Modifying Hebrew Lessons for Students with Disabilities

How to Modify Hebrew Lessons for Students With Disabilities: Removing the Stumbling Block

When seeking to make a classroom more inclusive, there is a lot to consider. Toss in the abundance of terminology and many teachers find themselves feeling confused and frustrated. I have been a special educator for over 20 years and read a lot in this area, and even I find myself frustrated with the way certain terms are used interchangeably.

Let’s focus on the concepts of accommodation and modification and their use in academics for individuals with disabilities as there are distinct differences to their application in a classroom setting.

Here’s a terrific overview:
Accommodation vs. Modification

Accommodation is a strategy used to help a student with learning needs in the same curriculum as his/her peers while modification is a strategy used to help a student with significant learning needs experience the same curriculum as his/her peers.

Unfortunately, teachers in supplemental religious schools often feel untrained and ill-equipped to make such distinctions, especially when it comes to Hebrew instruction.

I can already hear them saying, “Ok, so I am teaching the Avot to my students. The Avot is the Avot. I can’t change the liturgy. How can I possibly meet the needs of a wide variety of learners?’

First, think about a different question: Why are your students learning the Avot? 
I’ll come back for your answer.

Now, let’s go back to the graphic above. Here’s a little more explanation. We accommodate our students’ learning needs when we allow them to use varying modalities and/or different strategies to meet the same goals as other students. We modify lessons for those students whose goals are different than the rest of the class.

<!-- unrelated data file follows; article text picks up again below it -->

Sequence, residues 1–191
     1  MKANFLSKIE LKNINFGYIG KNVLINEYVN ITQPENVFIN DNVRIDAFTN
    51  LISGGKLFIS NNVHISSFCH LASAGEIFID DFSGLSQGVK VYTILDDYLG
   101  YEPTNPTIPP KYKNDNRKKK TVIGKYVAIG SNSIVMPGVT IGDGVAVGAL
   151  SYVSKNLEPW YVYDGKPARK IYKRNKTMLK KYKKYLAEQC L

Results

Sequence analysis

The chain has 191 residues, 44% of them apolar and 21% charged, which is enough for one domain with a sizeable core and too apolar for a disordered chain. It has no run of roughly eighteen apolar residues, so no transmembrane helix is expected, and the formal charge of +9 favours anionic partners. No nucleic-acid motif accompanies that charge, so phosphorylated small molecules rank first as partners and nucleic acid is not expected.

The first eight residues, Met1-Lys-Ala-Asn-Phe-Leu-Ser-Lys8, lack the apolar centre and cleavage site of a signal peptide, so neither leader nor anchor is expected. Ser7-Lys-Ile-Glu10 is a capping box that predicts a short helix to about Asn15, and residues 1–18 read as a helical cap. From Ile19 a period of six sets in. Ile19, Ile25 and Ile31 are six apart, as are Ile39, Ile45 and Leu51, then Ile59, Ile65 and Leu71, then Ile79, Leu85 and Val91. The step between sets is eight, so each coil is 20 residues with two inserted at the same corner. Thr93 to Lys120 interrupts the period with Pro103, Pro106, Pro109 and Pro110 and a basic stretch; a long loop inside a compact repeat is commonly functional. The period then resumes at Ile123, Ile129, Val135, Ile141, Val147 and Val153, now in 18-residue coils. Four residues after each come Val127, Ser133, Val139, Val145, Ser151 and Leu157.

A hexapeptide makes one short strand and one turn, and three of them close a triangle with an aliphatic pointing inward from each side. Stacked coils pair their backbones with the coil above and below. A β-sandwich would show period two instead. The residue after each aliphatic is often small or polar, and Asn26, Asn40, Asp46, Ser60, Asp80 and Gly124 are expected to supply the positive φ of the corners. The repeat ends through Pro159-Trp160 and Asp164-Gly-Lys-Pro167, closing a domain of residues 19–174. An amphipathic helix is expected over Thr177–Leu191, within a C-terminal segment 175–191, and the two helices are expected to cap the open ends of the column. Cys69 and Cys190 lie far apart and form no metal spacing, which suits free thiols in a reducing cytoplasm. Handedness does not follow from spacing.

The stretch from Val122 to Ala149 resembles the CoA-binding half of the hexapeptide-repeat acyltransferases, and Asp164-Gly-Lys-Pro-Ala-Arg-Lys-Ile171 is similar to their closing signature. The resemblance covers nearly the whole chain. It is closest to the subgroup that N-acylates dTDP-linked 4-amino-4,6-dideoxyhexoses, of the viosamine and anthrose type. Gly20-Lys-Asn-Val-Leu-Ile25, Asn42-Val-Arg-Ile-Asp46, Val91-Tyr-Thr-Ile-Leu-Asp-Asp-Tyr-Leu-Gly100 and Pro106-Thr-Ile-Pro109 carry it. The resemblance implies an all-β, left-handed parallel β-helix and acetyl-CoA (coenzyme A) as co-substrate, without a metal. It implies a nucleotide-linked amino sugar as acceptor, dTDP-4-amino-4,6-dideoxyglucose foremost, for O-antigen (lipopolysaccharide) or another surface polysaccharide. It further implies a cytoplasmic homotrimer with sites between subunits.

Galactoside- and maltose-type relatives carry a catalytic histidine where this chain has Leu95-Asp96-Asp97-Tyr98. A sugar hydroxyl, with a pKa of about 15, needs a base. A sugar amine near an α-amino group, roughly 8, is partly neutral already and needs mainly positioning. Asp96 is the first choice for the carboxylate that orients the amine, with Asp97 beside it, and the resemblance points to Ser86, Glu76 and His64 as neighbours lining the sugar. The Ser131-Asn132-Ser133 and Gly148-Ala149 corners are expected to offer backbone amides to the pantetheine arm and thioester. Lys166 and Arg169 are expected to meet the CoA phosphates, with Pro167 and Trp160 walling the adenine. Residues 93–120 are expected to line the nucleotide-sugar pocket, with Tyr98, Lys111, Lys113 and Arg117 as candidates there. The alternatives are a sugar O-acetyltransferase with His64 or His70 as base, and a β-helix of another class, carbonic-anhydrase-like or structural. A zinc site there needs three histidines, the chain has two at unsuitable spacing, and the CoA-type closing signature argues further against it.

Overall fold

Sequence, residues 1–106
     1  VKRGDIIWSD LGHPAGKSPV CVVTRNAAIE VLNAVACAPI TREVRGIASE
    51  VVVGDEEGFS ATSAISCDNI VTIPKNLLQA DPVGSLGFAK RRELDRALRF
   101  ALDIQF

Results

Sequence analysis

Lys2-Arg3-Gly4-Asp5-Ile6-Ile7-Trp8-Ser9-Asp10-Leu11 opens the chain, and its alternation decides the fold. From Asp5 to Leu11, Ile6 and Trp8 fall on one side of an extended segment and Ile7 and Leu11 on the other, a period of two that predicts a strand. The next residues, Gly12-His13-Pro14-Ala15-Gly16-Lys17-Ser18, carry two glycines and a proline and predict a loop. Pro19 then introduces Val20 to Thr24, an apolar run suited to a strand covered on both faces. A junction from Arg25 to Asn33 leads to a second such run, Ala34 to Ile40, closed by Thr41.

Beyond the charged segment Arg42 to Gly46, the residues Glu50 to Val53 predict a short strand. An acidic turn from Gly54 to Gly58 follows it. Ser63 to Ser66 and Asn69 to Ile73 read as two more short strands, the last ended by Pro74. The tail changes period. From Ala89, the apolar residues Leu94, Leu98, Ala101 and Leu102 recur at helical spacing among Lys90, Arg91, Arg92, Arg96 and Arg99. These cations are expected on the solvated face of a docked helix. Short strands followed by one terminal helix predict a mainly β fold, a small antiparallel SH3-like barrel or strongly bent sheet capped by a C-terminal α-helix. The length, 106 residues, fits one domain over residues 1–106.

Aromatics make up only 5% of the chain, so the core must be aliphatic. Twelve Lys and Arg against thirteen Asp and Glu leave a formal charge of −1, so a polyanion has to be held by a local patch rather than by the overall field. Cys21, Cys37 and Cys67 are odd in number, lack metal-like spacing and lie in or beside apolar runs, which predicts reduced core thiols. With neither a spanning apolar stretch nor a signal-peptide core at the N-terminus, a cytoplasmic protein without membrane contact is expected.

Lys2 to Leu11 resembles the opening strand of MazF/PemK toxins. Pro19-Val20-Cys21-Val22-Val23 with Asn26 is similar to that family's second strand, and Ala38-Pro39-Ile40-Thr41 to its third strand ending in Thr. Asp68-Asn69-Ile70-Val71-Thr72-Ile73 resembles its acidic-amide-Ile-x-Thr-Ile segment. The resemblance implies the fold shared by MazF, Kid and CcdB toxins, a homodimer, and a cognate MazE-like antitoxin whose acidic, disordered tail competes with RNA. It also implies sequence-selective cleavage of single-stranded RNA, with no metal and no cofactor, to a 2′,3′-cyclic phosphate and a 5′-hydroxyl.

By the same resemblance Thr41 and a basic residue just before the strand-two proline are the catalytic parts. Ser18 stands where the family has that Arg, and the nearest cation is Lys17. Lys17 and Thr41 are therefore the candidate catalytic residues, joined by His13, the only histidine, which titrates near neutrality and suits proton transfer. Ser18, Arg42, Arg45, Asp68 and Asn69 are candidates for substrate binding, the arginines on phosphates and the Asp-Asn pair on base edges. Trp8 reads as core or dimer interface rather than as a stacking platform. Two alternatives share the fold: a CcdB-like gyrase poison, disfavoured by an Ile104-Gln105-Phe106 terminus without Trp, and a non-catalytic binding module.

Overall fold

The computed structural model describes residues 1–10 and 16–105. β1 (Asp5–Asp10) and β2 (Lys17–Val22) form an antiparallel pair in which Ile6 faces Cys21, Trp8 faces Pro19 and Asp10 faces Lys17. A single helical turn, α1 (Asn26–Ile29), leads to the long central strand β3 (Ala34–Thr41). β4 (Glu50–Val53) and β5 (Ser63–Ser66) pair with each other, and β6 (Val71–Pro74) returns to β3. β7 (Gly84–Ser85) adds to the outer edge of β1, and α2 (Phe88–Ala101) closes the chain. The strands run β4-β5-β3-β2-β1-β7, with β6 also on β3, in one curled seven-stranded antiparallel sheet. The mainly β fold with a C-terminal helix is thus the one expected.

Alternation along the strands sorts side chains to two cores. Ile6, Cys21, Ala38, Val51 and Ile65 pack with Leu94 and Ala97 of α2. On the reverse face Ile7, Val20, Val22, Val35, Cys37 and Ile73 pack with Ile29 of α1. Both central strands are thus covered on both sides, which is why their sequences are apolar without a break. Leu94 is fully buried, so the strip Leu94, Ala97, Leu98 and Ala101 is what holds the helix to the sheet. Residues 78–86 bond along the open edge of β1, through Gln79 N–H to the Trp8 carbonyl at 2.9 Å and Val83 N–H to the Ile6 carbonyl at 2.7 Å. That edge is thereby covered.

Confused? Don’t be. Here are the examples. (Remember, you are working with the Avot, but you can do this with any prayer, text or Hebrew reading assignment).

Accommodations could include:
·        Providing extra time
·        Listening to a recording
·        Partner reading
·        Breaking the prayer into manageable sections

Modifications could include:
·        Identifying all of the alefs (or whatever letter(s) student may be currently learning) in the Avot
·        Listening to a variety of prayers being read or chanted and student identifies the Avot
·        Printing the lines of the Avot on strips of paper and student arranges them in the correct order (either from memory or while looking at the complete prayer)
·        Finding the Avot each time it appears in your synagogue’s siddur (prayer book).

Before you suggest that any of those modifications won’t work or worse, that such modifications aren’t fair, let’s go back to my earlier question: Why are your students learning the Avot?

I hope that your answer included: so that they become familiar with the liturgy, so that they become comfortable with worship, so that they can participate in worship services or so that they can lead a worship service. I would agree that those are all meaningful goals for why we teach prayer in a supplemental religious school.

Now, look back at the modifications I suggest. Each one of them helps to meet those goals.

Students do not have to all be fluent Hebrew readers. Students do not have to all read & understand Hebrew perfectly. They may not even read it at all. If our goal is to help our children to develop strong Jewish identities, pride in their heritage and a love of our traditions and faith, who is to say how that should be accomplished?

Go ahead, make the accommodations. Modify your lessons. You may just help your students develop a deeper connection to their faith. You may have just helped them to cement their place in the community that supports them.